March’s “Actor Stealing the Spotlight” (ASS)

Why, hello, there.  Welcome to a new feature at TBO.  Each month, we’re going to highlight an Actor who is currently Stealing the Spotlight (or, the ASS).  This is someone from our community who particularly stood out for their performance or body of work the previous month (obviously from the shows that we actually reviewed).  We thought it would be fun to shine some light on those who continue to make the Baltimore theater scene just fucking great.




I first noticed Mike Zemarel in last year’s All in the Timing at Fells Point Corner Theatre (I didn’t review that show, but I saw it and it won a BULSHIT award).  I quite enjoyed his controlled, sardonic delivery and beautifully floppy hair.  I was pleased as punch to see him turn up in 4 by Chekov, also at FPCT, in March.   Here’s what I said about him in the review:

“The first of the evening’s four plays, The Dangers of Tobacco, is really just a long monologue staring poor old Nyukhin (Mike Zemarel). He’s a long-suffering bozo hen-pecked into performing a lecture on the dangers of his only vice. Zemarel nails this. His mannerisms are so real they hurt, from shoving his Wes Anderson-esque glasses up his nose to his distinctive laughsnort, he’s so good. This little lion in a mouse’s body had a wonderful slow rage build that tickled me to death. Seriously, I was stuffing a piece of chocolate into my mouth and laughed so hard I like, aspirated it, which caused my partner to look at me with what I would like to think was adoring love (but probably was not).”

Mike somehow agreed to talk to me so I interviewed him.

Hey, Mike.  What’s up, how are you?

I’m okay – it’s been a crazy busy day at my 9-5.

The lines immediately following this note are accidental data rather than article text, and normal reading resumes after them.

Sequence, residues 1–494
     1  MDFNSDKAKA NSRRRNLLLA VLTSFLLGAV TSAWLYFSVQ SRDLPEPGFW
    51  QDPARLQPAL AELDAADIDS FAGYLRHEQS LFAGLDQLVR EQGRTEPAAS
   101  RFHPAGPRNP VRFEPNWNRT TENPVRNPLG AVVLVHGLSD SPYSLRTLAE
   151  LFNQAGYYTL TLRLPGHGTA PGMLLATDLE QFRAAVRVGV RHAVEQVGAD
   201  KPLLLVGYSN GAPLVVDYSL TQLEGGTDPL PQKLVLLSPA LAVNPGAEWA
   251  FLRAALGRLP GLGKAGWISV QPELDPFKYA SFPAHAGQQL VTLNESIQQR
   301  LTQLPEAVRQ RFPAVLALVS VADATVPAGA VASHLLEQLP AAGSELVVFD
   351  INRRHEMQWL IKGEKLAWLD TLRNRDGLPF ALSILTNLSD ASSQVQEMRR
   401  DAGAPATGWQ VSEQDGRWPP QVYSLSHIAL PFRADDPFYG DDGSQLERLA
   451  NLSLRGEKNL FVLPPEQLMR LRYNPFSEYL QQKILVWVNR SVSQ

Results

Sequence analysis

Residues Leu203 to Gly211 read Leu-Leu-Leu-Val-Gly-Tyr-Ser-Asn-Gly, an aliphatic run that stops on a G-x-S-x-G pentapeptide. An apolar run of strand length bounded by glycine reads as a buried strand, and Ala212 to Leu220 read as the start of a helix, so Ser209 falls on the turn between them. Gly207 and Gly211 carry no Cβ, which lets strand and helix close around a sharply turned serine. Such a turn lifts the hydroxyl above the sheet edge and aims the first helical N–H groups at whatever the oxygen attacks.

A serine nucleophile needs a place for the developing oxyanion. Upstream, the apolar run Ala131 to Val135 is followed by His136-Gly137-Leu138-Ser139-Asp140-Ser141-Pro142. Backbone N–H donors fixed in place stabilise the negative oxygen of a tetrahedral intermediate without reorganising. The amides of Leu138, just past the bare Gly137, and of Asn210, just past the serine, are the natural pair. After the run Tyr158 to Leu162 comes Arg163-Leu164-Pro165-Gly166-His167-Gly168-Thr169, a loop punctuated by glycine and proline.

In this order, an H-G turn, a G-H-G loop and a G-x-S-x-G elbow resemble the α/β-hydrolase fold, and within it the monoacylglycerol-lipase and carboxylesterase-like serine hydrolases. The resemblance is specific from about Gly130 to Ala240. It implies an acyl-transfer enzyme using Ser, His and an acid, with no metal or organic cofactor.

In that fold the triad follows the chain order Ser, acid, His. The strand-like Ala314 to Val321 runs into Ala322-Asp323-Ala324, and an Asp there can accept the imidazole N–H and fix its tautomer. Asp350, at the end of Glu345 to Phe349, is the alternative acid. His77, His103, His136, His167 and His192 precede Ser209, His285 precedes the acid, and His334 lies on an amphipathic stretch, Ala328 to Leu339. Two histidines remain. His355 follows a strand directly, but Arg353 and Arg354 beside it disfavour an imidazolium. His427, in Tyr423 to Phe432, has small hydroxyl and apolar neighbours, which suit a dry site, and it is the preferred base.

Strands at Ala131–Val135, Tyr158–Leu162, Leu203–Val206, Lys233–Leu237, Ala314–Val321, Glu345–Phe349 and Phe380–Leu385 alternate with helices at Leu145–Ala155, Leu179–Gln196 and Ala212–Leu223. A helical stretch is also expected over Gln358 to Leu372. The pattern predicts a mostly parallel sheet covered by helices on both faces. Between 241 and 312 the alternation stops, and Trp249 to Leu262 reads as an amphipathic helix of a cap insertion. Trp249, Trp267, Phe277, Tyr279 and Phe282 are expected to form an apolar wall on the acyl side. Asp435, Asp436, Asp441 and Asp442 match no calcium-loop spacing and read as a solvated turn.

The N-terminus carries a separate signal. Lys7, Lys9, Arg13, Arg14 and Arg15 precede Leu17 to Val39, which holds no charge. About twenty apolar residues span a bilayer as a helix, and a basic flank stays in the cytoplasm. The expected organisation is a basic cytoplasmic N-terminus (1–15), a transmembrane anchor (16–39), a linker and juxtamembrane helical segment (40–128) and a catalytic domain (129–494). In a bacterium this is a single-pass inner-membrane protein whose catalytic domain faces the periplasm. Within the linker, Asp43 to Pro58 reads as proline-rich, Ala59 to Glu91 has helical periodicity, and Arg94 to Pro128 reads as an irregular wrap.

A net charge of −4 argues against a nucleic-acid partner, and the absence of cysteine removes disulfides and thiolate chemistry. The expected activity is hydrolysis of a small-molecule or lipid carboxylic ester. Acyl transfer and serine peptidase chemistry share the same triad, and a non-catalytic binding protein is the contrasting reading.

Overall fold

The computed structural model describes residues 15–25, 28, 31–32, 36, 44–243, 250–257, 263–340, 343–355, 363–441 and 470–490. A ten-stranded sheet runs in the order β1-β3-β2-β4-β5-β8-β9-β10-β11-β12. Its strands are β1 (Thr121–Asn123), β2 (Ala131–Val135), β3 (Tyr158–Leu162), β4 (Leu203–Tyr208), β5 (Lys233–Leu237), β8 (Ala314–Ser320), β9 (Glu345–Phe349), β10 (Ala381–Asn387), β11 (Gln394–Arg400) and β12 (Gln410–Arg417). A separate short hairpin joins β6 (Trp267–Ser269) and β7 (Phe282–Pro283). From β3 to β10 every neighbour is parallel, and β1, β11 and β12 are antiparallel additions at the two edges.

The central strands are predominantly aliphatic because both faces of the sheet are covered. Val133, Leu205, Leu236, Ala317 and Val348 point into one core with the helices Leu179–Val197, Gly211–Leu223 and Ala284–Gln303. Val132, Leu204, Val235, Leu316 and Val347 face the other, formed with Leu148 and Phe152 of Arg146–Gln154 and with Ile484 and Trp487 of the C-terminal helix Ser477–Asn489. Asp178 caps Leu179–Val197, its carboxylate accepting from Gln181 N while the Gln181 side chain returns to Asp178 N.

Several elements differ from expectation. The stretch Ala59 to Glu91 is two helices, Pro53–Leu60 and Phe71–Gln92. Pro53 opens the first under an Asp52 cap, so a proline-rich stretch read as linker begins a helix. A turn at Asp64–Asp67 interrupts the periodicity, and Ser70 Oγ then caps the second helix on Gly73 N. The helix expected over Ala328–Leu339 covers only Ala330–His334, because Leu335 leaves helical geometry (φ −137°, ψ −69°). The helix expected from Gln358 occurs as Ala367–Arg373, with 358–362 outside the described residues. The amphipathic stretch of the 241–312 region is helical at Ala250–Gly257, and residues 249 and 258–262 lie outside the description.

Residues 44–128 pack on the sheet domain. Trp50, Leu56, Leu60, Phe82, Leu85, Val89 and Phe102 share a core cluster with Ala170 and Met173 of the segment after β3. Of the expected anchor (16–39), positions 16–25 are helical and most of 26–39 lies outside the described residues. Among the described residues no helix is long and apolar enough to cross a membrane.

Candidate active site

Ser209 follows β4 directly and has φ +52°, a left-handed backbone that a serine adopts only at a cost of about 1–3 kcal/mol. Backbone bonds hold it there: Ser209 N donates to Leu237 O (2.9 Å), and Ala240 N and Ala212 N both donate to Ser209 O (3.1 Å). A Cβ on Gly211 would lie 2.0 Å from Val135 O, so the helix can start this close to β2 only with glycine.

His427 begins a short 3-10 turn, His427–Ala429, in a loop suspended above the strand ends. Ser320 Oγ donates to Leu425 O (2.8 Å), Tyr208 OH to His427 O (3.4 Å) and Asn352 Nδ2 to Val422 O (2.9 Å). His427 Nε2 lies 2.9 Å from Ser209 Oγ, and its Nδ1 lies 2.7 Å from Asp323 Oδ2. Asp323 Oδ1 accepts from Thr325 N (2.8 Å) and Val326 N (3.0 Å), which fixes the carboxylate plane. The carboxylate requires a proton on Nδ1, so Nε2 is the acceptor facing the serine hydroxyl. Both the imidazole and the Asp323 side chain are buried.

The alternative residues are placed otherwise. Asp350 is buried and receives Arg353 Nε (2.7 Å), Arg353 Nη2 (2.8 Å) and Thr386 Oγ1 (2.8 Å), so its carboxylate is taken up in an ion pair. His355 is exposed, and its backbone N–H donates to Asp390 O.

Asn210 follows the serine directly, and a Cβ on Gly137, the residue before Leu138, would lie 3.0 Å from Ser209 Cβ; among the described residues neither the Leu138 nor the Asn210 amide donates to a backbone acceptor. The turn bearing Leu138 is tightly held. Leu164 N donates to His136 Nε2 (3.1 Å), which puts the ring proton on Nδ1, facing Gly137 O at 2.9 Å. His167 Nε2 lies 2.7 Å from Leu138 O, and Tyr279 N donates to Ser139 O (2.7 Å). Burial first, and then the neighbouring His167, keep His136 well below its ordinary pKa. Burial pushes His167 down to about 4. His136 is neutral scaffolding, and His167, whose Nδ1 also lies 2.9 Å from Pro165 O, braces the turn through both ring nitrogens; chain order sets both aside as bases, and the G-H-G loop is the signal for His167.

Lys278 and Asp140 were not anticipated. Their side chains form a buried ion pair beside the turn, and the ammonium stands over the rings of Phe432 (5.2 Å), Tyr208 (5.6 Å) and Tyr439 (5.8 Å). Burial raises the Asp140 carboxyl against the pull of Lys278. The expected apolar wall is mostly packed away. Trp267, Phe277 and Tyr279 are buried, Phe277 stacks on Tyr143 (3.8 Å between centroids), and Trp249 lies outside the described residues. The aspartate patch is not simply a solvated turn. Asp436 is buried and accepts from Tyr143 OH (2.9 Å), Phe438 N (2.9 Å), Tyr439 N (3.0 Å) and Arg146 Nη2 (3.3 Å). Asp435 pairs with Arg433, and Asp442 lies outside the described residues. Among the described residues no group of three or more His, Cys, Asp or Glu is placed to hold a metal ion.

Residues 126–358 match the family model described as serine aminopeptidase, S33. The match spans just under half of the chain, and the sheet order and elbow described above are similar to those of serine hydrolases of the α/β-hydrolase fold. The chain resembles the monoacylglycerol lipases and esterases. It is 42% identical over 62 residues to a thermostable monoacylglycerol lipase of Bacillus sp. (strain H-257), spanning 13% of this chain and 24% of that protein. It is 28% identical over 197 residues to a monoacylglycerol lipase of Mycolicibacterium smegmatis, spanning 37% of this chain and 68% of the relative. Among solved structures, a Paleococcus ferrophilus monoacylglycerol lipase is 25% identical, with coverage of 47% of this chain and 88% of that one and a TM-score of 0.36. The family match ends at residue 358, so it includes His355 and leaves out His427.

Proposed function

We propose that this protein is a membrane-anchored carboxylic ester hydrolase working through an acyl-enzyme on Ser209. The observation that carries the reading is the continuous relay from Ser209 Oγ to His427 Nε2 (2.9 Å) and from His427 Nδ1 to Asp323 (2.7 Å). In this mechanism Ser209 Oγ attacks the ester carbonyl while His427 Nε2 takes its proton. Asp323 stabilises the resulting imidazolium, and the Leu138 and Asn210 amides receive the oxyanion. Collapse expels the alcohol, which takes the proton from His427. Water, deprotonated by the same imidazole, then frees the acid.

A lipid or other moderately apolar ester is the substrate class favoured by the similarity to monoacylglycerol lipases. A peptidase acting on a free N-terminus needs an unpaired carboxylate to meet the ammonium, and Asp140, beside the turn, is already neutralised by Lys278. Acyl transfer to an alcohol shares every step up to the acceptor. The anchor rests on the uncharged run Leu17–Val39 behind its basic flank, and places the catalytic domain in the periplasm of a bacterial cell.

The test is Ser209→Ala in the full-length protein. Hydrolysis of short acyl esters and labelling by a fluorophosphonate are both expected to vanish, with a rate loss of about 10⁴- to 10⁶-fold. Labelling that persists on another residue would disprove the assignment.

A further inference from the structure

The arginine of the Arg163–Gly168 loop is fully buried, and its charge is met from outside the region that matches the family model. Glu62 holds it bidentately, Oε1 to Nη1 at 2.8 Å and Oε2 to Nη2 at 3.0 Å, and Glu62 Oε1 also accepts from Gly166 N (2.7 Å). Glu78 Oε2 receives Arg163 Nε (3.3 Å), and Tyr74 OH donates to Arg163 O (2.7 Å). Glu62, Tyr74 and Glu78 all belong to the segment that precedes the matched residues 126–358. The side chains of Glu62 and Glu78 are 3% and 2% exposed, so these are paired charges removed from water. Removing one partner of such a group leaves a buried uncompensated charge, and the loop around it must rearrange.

Where do you work?


Oh, that’s awesome!  VERY COOL.  So, what are your feelings on being ASS of the month for March? 

It’s an honor, really.  There’s so much great work going on at so many different theaters that to be singled out is a nice thing.  A lot of people don’t get the recognition they deserve.

You seem a little shy about it.  Are you shy?

Depends on who I’m with or how much I’ve been drinking.

Okay, how’d you wind up being cast in 4 by Chekov? Do you normally dig old school shit like that?

Well, I’ve reached the point that I’m gravitating to only doing things that I like.  I have a Bachelors degree in Theater-

Yeah, me too.  SO useful, right?

Yeah, right.  Totally.  So, obviously, I’ve read Chekov and I have a strong interest in that work.  Howard Berkowitz [who directed 4 by Chekov] was directing The Misathrope at Vagabond and I saw it.  It was a GREAT production.  I happened to go on one of their last nights to hang with them afterwards and I ended up talking to Howard.  I picked his brain and found out he’d be directing Chekov next and essentially didn’t let him up off the mat until he agreed to let me audition.  Anyone who has done theater in Baltimore over the years knows that networking is key so I basically hunted him down.  And then he was nice enough to cast me.  It’s funny, I actually thought I had been cast as the other two parts in the show, so I got to the table read and I was like “Huh, I guess not.”

One of the reasons I can get down with Chekov is that I feel like, though he sends his women characters up to be rather needly and clingy and shrill, the men don’t get off any better – they’re big old sad sacks on the Loserville bus. Thoughts?

All of his characters are these horribly pathetic fully fleshed out humans that seem just like the rest of us.  I think the reason I gravitated towards it is because it is so funny and so tragic.

Agreed.  Also, Anton is hilariously grouchy about the idea of marriage, especially in these four shorts. I like this quote from him in a letter to his intended: “By all means I will be married if you wish it. But on these conditions: everything must be as it has been hitherto—that is, she must live in Moscow while I live in the country, and I will come and see her … give me a wife who, like the moon, won’t appear in my sky every day.” Do you agree?